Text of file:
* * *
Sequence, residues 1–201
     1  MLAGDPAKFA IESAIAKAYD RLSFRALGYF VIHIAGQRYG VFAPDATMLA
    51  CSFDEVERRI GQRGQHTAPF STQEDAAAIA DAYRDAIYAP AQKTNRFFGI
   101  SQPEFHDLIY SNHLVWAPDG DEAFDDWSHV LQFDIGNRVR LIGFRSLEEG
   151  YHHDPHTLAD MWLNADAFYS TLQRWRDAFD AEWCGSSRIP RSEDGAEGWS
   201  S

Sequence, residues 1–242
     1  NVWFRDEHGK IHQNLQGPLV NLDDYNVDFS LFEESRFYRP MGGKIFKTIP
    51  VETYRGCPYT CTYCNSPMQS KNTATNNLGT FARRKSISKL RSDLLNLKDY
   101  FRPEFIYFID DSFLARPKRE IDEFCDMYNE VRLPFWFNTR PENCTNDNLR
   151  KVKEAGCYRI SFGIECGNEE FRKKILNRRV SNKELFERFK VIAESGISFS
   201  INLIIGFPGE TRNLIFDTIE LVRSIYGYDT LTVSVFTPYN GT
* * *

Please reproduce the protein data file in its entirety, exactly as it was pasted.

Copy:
Sequence, residues 1–201
     1  MLAGDPAKFA IESAIAKAYD RLSFRALGYF VIHIAGQRYG VFAPDATMLA
    51  CSFDEVERRI GQRGQHTAPF STQEDAAAIA DAYRDAIYAP AQKTNRFFGI
   101  SQPEFHDLIY SNHLVWAPDG DEAFDDWSHV LQFDIGNRVR LIGFRSLEEG
   151  YHHDPHTLAD MWLNADAFYS TLQRWRDAFD AEWCGSSRIP RSEDGAEGWS
   201  S

Sequence, residues 1–242
     1  NVWFRDEHGK IHQNLQGPLV NLDDYNVDFS LFEESRFYRP MGGKIFKTIP
    51  VETYRGCPYT CTYCNSPMQS KNTATNNLGT FARRKSISKL RSDLLNLKDY
   101  FRPEFIYFID DSFLARPKRE IDEFCDMYNE VRLPFWFNTR PENCTNDNLR
   151  KVKEAGCYRI SFGIECGNEE FRKKILNRRV SNKELFERFK VIAESGISFS
   201  INLIIGFPGE TRNLIFDTIE LVRSIYGYDT LTVSVFTPYN GT